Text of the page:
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Author Topic: Great Western Main Line electrification - ongoing discussion  (Read 706544 times)
Tim
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« Reply #120 on: August 21, 2009, 05:01:52 pm »

The best thing about Adonis's plan is that he has linked electrification to rolling stock replacement and cascading which noone in power has done for a long time.  If you electrify a route run by clapped out desiels which would otherwise need to be replaced by very costly desiels rather than cheaper electric trains then your business case for electrification looks much better.  He has also been very clever or lucky with fitting the timing to the release of Thameslink EMUs

GWML, then MML then cross country makes a lot of sense (with some fill-in and shorter routes alongside,  Ie Manchester-Preston and one of more of the Transpennine routes)   Scottish local electrification may stack up as might the valley lines in Wales but I am not convinced by taking the wires to Aberdeen or Inverness - both comparatively small places.     
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« Reply #121 on: August 22, 2009, 09:28:56 am »

The NR business case for electrification put the MML ahead of the GWML.  The GWML came out ahead by DfT due to the rolling stock on the GWML needing replacement, the cascade of the old Thameslink stock and that much of the re-signaling is planed to be replace as part of Crossrail, Reading remodeling and programed renewals.   

Also despite the views of some about the difficulties of Severn Tunnel and Bath area there are very few major civil obstacles or complex junction on the GWML, even these are not that complex compared to some locations where tunnels have had to be re-bored etc
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bignosemac
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« Reply #122 on: August 22, 2009, 10:07:32 am »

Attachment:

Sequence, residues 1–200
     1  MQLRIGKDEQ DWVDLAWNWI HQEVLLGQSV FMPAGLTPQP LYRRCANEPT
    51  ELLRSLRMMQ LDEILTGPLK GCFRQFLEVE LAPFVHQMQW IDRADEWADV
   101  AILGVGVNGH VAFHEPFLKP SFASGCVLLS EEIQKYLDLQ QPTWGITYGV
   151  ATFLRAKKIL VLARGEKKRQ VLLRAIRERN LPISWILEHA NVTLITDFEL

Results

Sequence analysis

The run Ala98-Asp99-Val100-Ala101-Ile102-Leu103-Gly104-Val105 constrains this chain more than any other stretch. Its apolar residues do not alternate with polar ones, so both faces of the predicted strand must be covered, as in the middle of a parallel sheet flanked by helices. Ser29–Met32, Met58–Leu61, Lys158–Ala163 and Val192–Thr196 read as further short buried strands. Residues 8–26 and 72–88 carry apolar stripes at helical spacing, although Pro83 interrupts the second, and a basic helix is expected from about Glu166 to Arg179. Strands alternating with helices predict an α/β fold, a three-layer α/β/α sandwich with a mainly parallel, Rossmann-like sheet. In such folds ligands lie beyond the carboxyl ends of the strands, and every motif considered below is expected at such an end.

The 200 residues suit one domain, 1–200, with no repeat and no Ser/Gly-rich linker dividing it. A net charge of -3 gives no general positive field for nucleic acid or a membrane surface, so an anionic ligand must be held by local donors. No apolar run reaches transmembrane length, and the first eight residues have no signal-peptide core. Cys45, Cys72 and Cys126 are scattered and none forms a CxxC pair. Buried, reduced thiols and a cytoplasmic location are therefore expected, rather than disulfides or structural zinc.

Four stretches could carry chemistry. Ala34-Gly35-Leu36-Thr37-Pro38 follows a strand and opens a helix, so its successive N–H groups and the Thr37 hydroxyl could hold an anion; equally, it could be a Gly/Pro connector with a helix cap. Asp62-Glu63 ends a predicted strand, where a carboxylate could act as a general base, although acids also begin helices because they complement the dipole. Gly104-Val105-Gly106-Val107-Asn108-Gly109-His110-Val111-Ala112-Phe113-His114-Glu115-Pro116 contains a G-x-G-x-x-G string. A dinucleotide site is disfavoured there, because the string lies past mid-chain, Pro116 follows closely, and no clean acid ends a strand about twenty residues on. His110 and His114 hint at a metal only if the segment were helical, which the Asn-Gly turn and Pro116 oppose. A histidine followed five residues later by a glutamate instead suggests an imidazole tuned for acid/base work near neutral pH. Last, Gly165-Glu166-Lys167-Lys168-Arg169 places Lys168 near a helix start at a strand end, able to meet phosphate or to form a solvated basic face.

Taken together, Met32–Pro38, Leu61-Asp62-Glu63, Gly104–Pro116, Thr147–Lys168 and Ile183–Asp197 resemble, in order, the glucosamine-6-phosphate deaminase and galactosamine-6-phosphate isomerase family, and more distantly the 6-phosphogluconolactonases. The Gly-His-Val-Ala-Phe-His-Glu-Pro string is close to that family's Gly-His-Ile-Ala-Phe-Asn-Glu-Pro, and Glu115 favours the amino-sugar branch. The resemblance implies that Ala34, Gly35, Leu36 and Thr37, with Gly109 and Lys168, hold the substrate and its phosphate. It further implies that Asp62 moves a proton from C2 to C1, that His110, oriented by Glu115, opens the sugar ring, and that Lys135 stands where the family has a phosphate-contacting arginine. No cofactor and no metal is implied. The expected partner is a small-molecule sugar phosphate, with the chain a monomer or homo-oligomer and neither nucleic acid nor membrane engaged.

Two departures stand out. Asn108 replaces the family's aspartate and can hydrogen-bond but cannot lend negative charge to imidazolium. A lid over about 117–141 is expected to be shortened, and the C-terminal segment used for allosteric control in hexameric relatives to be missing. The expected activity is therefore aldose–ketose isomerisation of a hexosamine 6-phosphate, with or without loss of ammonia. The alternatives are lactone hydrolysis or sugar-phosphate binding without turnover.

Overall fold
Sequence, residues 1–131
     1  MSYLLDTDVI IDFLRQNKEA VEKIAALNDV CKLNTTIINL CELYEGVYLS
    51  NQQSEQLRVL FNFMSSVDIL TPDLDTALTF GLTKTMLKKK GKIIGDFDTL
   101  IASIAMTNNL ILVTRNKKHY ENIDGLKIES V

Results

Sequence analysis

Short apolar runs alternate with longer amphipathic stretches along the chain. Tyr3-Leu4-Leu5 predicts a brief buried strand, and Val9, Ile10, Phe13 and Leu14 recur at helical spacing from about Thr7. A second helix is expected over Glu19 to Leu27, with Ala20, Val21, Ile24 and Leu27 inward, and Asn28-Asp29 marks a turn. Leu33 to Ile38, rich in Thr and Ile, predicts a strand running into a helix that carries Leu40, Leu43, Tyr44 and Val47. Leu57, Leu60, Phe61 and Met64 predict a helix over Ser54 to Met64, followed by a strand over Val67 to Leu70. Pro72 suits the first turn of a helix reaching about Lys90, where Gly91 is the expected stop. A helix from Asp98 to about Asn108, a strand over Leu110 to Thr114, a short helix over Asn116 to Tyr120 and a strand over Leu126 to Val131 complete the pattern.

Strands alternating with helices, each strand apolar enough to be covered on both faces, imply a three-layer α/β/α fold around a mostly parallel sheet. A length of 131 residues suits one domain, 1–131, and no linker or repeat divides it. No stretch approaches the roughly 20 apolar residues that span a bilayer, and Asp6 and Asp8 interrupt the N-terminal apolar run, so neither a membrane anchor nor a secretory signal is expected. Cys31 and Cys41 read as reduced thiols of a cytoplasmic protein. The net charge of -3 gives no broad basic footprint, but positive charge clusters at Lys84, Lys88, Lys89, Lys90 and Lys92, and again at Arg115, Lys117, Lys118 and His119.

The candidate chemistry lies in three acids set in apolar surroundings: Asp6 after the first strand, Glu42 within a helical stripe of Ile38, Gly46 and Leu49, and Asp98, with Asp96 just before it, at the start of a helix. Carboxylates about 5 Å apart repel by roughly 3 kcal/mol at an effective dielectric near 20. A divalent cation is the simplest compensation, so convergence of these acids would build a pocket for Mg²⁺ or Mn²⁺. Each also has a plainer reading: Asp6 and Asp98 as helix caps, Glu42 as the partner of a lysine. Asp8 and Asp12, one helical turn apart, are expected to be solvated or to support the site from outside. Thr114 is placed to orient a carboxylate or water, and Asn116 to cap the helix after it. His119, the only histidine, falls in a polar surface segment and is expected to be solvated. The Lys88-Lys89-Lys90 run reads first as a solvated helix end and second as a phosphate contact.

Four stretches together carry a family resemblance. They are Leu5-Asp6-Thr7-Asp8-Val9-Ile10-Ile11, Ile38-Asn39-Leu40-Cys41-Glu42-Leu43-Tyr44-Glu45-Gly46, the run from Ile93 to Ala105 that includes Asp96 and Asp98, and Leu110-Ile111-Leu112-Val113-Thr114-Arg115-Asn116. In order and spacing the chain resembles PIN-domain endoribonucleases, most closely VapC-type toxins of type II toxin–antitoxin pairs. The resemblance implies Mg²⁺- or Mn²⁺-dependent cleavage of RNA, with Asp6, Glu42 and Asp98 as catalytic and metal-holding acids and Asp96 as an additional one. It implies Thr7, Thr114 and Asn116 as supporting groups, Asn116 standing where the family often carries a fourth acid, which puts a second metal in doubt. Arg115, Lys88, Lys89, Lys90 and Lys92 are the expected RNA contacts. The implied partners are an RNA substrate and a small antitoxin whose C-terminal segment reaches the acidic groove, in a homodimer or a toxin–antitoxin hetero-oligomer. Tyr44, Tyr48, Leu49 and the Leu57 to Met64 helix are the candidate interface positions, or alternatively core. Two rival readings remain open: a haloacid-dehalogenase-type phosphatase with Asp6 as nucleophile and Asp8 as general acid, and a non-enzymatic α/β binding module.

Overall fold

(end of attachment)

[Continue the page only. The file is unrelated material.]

The GWML rolling stock (presumably you mean the venerable 43s and Mk3s) may well need replacing, but what odds some of it turns up elsewhere on the network before being consigned to history? CrossCountry - or Cinderella if you prefer! - would be favourite, as well as existing and new 'Open Access' operators. Maybe ATW and Scotrail, or their sucessors, could find a use for some of 'em.
Or, strategic reserve anyone?
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Tim
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« Reply #123 on: August 24, 2009, 12:47:46 am »

The GWML rolling stock (presumably you mean the venerable 43s and Mk3s) may well need replacing, but what odds some of it turns up elsewhere on the network before being consigned to history? CrossCountry - or Cinderella if you prefer! - would be favourite, as well as existing and new 'Open Access' operators. Maybe ATW and Scotrail, or their sucessors, could find a use for some of 'em.
Or, strategic reserve anyone?

I'd hope that the MML is electrified too before too long and that XC gets their old Meridians.
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anthony215
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« Reply #124 on: August 24, 2009, 10:07:14 am »

I believe that some hsts will be going to crosscountry once they are withdrawn by FGW. It is expected that the Midland Mainline between Bedford & Sheffield will be electrified after the great western together with the crosscountry route between Bristol & Birmingham menaing that some crosscountry services from bristol will be able to be worked by electric trains.

It is expected that the following routes will be electrified in time:

Great western Mainline ( London - Swansea & London - Exeter St Davids Via Bristol & Westbury) - FGW are pushing for the wires to be put all of the way to exeter.

Midland Mainline ( Bedord - Sheffield)

Bristol - Birmingham New St ( Meaning that is the gw is electrified to exter then all the Exeter - Manchester services can be worked by emu's)

Cardiff Valley Lines

North Wales coast

Wrexham - Bidston

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Tim
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« Reply #125 on: August 24, 2009, 10:46:31 am »

Great western Mainline ( London - Swansea & London - Exeter St Davids Via Bristol & Westbury) - FGW are pushing for the wires to be put all of the way to exeter.